Scientists from the Immanuel Kant Baltic Federal University and Kemerovo State University determined the qualitative and quantitative composition of fatty acids that the lipids of microalgae comprise. The results are expected to benefit medical science, cosmetology, energy production and the production of feed additives and functional food. The article was published in the journal Biomolecules with the support of the Russian Foundation for Basic Research.
The work of Russian scientists aims at studying the qualitative and quantitative composition of fatty acids of microalgae typical for water bodies (Lake Vištytis, Lake Chaika, Lake Yantarnoye, Curonian Lagoon, Strait of Baltiysk, Baltic Sea coast, Lake Krasnoye) of the Kaliningrad region.
The authors took samples of water and soil, cultivated the microorganisms from the probes on a nutrient medium and sequenced them for the accurate identification of the species. After that, the optimal conditions for the cultivation of microalgae in terms of maximal lipids accumulation were chosen. The cells were centrifuged then, the cell walls were destroyed and lipids were separated from the resulting mass.
The composition of fatty acids was determined using high-performance liquid chromatography – a separation method based on the different distribution of substances between two immiscible phases, in which the liquid, the mobile phase, moves with high hydraulic resistance.
It turned out that the most saturated fatty acids were characteristic of the microalgae Chlorella vulgaris and Dunaliella salina. In the Dunaliella salina and Arthrospira platensis, the maximum degree of unsaturated fatty acids ranged from 15 to 23%. Lipid complex of microalgae included neutral lipids, polar lipids, unsaponifiable substances and other impurities. Thus, these organisms represent a promising route for practical implementation.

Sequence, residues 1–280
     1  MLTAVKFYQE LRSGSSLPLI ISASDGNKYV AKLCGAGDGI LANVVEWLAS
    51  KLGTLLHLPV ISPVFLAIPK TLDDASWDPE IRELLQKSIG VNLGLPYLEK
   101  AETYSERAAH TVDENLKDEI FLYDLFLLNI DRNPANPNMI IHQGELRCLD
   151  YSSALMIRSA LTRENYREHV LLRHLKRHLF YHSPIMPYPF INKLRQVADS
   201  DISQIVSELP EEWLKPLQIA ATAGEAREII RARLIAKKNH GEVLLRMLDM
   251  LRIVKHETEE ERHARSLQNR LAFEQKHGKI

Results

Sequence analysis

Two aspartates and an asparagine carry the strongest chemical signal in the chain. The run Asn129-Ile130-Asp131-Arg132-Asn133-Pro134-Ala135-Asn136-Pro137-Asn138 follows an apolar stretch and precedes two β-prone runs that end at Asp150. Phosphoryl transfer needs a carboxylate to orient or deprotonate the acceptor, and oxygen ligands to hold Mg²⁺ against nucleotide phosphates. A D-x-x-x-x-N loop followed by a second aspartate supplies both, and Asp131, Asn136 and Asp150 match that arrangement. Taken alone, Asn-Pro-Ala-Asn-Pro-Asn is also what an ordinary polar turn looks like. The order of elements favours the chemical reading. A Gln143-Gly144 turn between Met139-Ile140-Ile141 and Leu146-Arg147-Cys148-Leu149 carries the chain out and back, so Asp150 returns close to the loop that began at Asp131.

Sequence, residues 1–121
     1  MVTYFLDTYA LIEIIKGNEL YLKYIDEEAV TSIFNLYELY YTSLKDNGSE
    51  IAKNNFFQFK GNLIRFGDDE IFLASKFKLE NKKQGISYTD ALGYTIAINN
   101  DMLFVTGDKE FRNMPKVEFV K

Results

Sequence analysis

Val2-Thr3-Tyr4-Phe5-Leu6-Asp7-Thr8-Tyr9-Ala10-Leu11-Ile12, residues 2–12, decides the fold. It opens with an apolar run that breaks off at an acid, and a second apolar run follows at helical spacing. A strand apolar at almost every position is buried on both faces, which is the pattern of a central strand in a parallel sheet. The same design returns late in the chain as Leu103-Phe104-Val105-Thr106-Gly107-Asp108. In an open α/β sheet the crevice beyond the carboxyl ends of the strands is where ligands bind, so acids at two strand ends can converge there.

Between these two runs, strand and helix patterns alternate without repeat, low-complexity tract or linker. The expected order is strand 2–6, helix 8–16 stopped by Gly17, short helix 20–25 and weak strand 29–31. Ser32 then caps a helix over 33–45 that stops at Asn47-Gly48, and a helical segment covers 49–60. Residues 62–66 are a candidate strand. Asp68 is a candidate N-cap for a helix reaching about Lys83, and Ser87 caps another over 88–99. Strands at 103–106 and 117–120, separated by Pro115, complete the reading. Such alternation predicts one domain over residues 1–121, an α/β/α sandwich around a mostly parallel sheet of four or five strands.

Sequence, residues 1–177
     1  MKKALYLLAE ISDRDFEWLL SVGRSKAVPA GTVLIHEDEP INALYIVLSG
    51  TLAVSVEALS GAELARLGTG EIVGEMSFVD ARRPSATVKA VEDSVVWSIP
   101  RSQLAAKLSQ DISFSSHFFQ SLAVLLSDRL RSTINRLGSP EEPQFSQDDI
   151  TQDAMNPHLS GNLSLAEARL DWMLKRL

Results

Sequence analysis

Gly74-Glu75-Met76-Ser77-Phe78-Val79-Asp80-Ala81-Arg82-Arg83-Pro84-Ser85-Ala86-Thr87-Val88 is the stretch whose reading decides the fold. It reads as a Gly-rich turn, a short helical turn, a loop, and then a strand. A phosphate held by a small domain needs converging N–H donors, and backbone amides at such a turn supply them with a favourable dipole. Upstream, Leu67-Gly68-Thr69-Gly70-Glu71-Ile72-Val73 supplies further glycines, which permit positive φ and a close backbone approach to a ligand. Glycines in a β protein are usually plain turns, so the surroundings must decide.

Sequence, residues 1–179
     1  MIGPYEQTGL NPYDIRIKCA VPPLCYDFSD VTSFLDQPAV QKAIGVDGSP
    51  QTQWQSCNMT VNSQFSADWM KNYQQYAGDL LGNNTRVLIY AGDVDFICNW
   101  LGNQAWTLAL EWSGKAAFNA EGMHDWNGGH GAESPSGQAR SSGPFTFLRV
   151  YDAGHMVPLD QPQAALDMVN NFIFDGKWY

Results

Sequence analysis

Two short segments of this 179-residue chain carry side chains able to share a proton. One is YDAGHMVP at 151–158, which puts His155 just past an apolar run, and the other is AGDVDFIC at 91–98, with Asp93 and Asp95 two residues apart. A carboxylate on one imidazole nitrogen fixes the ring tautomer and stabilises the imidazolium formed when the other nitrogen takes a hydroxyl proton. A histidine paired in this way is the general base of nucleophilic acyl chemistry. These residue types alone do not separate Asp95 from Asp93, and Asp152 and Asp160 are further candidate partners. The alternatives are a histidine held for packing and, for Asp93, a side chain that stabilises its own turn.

“Studies have shown that microalgal biomass is a prospective product as it is a great new source of lipids. The possibility of their use for the production of dietary supplements for humans and feed additives for animals is encouraging. Despite the potential of this idea, there are still technologies that have to be developed for the reduction of the cost of lipids from microalgae,” says Olga Babich, Director of the Institute of Living Systems of the Immanuel Kant Baltic Federal University, Doctor of Technical Sciences.
Biotechnology of microalgae has multiple advantages: they are a renewable and sustainable resource, more productive than terrestrial plants due to their high growth rate and lack of seasonality of cultivation, and also less sensitive to environmental conditions.
Nowadays there is a growing practical interest in the lipids and fatty acids from microalgae. At the moment, there are a limited number of species from which lipids can be obtained in good yield; the oil content in the most promising of them is about 20-50% calculated on dry matter.
Microalgae are an important source of fatty acids: most of them accumulate saturated palmitic and monounsaturated oleic acids, but, for example, spirulina is a reservoir for linoleic and γ-linolenic acids (Ω-6). In the nearest future polyunsaturated fatty acids from microalgae will play a significant role in the industrial sector due to their biological activity and positive effects on human health.